Friday, March 27, 2009
So today I ate a Fling bar for the first time.
I bought it because we were at Safeway on our lunch break, looking for the April issue of GQ, and I was too embarrassed to buy the magazine all by itself, so I thought that maybe if I also bought “diet chocolate” in a pink wrapper, the whole Twilight-dork thing wouldn’t be as humiliating.
Really, I am much more intelligent than I sound. I swear.
But back to the Fling bar. I unwrapped it. And it sparkled. (And fellow Twilight dorks will realize that this is actually an extra-funny coincidence.)
And despite the bizarre, completely unnatural metallic sheen, I ate the damn thing anyway. It wasn’t bad – tasted like an imitation Twix minus the fatty goodness of caramel. But the glitteriness was definitely unnerving. I mean, sparkly chocolate can’t possibly be good for you. (Artificial flavors or colors, anyone?)
Anyway, reaching for the magazine now. Telling myself this is actually research for work so I can perfect my men’s lifestyle pitch.
Yeah, that’s it.
Sunday, March 22, 2009
It's bracket time.
And I don't know a damn thing about sports, especially if they involve balls. (You can interpret this however you'd like.)
So let's talk about food instead.
And let's imagine that the French macaron is squaring off against the American macaroon. (Let's also imagine that I actually have a picture of the American macaroon, instead of a photo of two French macarons from Paulette, a San Francisco macaron "salon." Let's also ignore the fact that, based on this picture alone, it's quite evident where I'd put my money should a French vs. American championship game actually exist.)
Both the macaroon and the macaron are sweet and bite-sized. Both are usually made using a piping bag. (Both are also featured in the Wine Center's dessert pairing. Yes, shameless plug.)
However, the French macaron seems to require absolute precision, since the top half of the pastry has to match the bottom half exactly (unless you want freakish-looking macarons). It also requires egg whites, which for some reason always make a recipe seem more complicated. And almond powder is always involved. The end result is a little jewel of a sandwich cookie, filled with cream or ganache of some sort, with a fluffy, airy texture. (Or at least the good ones have that texture. The bad ones are sort of gummy.)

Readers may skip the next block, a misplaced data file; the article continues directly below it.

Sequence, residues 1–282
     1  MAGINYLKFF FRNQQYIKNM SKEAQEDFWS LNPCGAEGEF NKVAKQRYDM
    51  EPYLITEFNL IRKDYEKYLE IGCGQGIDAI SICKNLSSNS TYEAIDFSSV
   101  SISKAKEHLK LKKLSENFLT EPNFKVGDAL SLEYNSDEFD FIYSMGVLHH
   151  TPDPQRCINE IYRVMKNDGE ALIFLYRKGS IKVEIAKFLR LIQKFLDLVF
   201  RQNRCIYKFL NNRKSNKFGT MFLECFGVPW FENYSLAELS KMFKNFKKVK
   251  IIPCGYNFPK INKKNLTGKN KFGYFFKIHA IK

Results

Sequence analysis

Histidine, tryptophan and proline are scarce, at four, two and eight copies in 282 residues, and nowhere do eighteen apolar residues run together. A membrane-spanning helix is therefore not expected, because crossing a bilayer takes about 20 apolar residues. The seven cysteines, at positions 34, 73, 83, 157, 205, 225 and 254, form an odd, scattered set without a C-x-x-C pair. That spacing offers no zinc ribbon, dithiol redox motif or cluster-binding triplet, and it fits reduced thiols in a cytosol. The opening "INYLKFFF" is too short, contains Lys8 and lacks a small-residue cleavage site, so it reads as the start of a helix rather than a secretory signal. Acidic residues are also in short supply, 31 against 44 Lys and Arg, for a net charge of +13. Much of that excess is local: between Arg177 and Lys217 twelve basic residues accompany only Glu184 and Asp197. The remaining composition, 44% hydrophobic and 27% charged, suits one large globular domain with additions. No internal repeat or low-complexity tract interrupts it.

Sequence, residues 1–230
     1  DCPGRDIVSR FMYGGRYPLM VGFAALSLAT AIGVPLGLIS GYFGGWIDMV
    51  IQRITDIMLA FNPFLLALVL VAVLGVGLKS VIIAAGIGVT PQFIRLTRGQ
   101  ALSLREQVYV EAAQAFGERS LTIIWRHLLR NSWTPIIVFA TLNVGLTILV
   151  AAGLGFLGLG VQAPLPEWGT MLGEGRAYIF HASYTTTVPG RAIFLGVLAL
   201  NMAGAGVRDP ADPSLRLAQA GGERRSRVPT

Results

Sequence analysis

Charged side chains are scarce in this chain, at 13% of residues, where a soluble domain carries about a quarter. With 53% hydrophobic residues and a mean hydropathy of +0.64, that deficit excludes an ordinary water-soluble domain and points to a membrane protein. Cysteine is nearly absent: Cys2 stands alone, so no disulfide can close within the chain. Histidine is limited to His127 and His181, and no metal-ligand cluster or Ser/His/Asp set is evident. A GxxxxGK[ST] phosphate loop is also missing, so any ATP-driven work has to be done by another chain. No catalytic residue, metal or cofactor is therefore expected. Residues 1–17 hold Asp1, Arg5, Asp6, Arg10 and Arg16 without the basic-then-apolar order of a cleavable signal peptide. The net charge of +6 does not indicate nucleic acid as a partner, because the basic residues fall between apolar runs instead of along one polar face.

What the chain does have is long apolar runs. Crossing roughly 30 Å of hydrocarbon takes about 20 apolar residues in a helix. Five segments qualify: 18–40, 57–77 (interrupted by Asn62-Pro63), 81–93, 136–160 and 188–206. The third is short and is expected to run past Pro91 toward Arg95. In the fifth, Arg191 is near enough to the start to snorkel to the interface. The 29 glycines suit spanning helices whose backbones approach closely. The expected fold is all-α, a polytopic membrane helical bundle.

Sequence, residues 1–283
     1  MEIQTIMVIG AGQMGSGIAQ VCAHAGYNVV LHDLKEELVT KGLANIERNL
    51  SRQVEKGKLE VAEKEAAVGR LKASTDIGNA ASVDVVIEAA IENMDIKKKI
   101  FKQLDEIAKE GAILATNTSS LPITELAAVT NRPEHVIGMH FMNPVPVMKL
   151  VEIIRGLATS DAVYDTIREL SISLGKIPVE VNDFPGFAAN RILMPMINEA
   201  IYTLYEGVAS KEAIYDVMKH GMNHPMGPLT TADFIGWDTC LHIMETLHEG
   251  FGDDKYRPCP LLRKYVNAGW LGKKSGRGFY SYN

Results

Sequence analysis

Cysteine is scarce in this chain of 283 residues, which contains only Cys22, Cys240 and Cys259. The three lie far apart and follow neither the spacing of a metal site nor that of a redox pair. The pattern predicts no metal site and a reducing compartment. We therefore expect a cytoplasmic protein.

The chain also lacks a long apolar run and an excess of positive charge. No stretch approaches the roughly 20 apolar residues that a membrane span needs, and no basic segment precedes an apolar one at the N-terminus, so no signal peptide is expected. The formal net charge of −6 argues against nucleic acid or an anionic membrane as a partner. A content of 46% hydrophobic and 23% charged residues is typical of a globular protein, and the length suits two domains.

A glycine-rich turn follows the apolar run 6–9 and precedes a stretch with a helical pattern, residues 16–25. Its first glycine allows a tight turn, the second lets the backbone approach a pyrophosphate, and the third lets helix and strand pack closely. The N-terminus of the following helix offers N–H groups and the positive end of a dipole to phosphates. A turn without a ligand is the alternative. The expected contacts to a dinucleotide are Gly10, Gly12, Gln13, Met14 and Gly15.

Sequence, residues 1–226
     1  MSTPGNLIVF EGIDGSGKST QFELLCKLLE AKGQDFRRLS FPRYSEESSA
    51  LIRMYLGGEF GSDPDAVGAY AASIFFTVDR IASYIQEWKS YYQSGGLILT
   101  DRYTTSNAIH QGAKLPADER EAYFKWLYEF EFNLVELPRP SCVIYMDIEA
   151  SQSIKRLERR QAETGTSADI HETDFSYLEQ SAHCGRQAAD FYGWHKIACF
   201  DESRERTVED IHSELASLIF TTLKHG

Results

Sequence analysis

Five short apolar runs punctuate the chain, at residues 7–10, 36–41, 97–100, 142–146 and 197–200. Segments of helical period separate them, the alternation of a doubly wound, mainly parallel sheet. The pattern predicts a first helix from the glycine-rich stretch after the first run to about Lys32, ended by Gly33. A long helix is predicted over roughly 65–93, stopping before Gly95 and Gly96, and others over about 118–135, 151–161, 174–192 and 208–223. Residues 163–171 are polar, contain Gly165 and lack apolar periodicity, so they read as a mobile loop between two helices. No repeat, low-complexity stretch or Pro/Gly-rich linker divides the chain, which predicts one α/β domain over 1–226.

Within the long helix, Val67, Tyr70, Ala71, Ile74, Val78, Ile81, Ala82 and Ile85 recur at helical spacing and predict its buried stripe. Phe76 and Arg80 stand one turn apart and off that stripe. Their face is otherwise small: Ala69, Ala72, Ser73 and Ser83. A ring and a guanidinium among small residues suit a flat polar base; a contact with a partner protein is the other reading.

Meanwhile, the American macaroon typically involves coconut. And it kind of looks like a cute little haystack. The good ones have a very slight crunch but are still pliable. The bad ones are burned on the bottom and resemble tater tots.
However, given the choice, I would gladly take a bad American macaroon over a bad French macaron.
Yet when it comes down to it, I am a sucker for presentation. I am a No. 3. And for some reason, I associate American macaroons with baby showers. Therefore the French macaron wins.
I know you are surprised.
And I know you care. Because really, this is a stupid post and a silly premise. And the truth is: My brain is fried. This is what happens when you spend all weekend tying twine around things and calligraphying and picking out linens and looking for the right ring for a man who has never worn a ring ever in his life and thinks jewelry looks weird.
Did someone say madness? Madness!